Nancy Levandowski: Embracing Change

From buying local to training, Nancy Levandowski continually pushes her staff to accept new ideas.

Accomplishments

NANCY LEVANDOWSKI has reveolutionized dining services at IOWA STATE UNIVERSITY by:

  • CULTIVATING local purchases by launching the Farm to ISU program, which has increased local purchases from $56,000 a year to $900,000 a year
  • IMPLEMENTING a comprehensive composting and trayless dining program
  • GUIDING the program through the aftermath of an RFP by establishing a mission and investing in facilities
  • SPEARHEADING the creation of an on-campus training center, which features a test kitchen and centralized student hiring

Nancy Levandowski doesn’t like anyone to get too comfortable. As director of ISU Dining at 28,000-student Iowa State University in Ames, Levandowski thrives on pushing her staff in order to make initiatives happen.

“She comes to you with what seems to be an off-the-wall idea, but she just has so much vision,” says Jamie Lenz, director of food stores and vending. “She tells you what she’d like to happen, but then she doesn’t micromanage it. She makes you try and experience new things, and it’s made me a better manager.”

Farm to ISU: Lenz says one of the initiatives that most impressed him was Levandowski’s efforts with the Farm to ISU program. Levandowski says her California upbringing helped propel her to make local purchasing a priority, even in Iowa. The program was created to increase purchases of local and organic products. Levandowski says the first step was to build relationships with farmers.

“[The program] was really an opportunity to bring something to the campus that wasn’t happening,” Levandowski says. “I got a list of the areas farmers and put together an email to them saying that the department was looking to start a local purchasing program. I invited them to come and meet with us.”

During the meeting Levandowski shared what the department had been buying and talked about goals. Levandowski was able to gain feedback from the farmers.

“[The big thing we learned was] the farmers wanted a commitment,” Levandowski says. “So we wrote a contract every year for half our cucumbers, half our cabbage and half our bell peppers. The farmers know that’s only half of what we need, so if they grow more we will buy it. That’s been really wonderful for us.”

Levandowski says the department does enforce some standards to keep pricing reasonable.

“If the farmer is coming in with a price that is 10% to 15% higher than we could get elsewhere, then we have a due diligence to our students to not spend that,” Levandowski says. “We have students on the Farm to ISU committee who gave a presentation to students on the meal plan that explained why [the committee students] think [spending more for local products] is important. The students on the meal plan approved of our food cost going up to cover this. That’s how we funded [Farm to ISU] originally. I got grants for the committee students to do the original legwork and then I got the students on the meal plan to agree that 1% more for local products was worth it. The program has allowed us to grow from $56,000 a year in local purchases to $900,000 per year in local purchases.”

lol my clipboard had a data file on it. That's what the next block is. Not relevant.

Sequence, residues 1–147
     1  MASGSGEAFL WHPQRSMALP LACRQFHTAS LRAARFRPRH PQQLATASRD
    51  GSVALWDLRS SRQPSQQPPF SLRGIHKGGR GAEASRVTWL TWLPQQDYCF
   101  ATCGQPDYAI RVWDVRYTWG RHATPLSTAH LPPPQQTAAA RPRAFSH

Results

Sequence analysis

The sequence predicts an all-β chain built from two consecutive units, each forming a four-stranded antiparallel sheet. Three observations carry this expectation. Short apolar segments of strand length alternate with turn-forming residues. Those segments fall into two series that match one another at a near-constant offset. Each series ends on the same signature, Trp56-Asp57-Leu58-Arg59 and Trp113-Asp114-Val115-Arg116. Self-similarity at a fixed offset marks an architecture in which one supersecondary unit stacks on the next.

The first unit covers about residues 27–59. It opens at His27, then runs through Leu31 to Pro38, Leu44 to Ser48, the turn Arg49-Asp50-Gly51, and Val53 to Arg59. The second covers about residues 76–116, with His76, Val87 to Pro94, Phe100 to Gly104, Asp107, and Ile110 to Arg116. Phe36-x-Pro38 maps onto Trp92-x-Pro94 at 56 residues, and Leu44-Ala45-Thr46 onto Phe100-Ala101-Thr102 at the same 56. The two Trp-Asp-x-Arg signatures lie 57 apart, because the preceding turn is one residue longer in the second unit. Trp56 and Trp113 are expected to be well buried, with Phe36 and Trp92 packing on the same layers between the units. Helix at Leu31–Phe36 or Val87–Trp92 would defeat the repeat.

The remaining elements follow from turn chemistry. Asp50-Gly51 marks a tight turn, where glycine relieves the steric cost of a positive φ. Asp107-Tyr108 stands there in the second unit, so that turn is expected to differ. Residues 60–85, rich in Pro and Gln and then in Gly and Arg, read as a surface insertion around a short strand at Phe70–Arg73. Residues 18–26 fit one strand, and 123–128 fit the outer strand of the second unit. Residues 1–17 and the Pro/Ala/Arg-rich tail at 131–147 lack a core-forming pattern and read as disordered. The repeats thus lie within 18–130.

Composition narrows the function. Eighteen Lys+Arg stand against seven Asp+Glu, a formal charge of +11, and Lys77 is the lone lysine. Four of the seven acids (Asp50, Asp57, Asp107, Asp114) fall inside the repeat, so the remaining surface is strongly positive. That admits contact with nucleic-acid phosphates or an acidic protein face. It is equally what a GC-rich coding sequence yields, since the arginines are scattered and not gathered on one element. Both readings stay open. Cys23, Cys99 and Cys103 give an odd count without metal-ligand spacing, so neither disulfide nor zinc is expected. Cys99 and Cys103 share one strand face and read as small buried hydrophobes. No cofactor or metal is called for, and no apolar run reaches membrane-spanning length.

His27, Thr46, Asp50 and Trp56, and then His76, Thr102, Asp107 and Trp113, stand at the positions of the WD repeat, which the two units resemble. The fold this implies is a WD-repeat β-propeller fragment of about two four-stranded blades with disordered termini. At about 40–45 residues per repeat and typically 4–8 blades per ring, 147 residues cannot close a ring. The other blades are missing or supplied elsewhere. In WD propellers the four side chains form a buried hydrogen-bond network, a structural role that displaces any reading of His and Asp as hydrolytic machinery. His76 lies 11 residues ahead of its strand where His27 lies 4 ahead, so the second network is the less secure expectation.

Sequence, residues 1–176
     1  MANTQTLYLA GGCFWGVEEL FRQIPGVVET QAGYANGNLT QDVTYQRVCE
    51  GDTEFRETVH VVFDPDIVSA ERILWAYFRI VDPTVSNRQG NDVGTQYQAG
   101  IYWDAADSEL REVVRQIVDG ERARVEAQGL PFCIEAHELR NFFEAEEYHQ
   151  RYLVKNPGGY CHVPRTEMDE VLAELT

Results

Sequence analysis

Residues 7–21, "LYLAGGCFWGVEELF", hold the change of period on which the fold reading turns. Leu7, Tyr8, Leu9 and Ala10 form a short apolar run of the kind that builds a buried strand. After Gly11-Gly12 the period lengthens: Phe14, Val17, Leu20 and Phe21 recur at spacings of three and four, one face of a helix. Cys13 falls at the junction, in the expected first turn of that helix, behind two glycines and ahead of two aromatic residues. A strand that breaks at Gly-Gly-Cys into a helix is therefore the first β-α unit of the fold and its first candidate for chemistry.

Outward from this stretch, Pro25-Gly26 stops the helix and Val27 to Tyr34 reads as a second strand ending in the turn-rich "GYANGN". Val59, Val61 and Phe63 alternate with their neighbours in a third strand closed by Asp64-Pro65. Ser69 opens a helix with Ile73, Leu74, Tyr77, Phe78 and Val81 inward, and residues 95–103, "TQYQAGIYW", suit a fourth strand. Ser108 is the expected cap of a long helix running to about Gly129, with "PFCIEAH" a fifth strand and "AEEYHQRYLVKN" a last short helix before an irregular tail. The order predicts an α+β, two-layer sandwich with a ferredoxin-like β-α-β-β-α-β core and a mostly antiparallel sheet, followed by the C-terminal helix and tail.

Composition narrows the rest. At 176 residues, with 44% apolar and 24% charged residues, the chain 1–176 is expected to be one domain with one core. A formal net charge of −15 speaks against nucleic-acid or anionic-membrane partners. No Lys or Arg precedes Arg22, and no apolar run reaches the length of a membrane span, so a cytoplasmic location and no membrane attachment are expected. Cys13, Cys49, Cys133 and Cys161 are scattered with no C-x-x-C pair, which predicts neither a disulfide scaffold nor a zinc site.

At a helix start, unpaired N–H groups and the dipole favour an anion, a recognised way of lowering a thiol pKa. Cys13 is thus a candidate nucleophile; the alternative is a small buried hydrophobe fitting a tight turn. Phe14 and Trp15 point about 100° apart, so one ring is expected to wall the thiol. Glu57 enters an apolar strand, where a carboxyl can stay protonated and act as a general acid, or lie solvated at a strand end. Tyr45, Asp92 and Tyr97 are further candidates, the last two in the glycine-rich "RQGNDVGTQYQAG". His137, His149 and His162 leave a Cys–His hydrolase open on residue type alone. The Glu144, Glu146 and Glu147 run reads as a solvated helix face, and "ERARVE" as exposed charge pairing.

Sustainability: Levandowski also has been a leader in terms of other sustainability initiatives, including recycling, offering reusable containers, composting and trayless dining. The composting efforts started after the city of Ames launched an initiative to improve water quality.

“The city was talking with the environmental, health and safety people on campus about starting to charge anywhere from $800 to $1,200 a month for water treatment,” Levandowski says. “So as we remodeled our facilities we started putting in the Waste Express system, which is similar to a pulper, that extracts water and keeps our water much clearer. We put the rest of that material in a compost bin.”

During the same time, Levandowski says, the department was talking to students about going trayless in the dining halls.

“I really thought it was the students’ decision,” Levandowski says. “When we opened Seasons [a dining hall that was being remodeled] the resident student council asked if we could try trayless there. Seasons is predominately a freshman dorm so those students didn’t know any different. We went trayless in that facility, and the next year we showed the students the results from Seasons and they decided to go trayless campuswide. As an extra incentive, I didn’t increase the food cost on the meal plans for the next year.”

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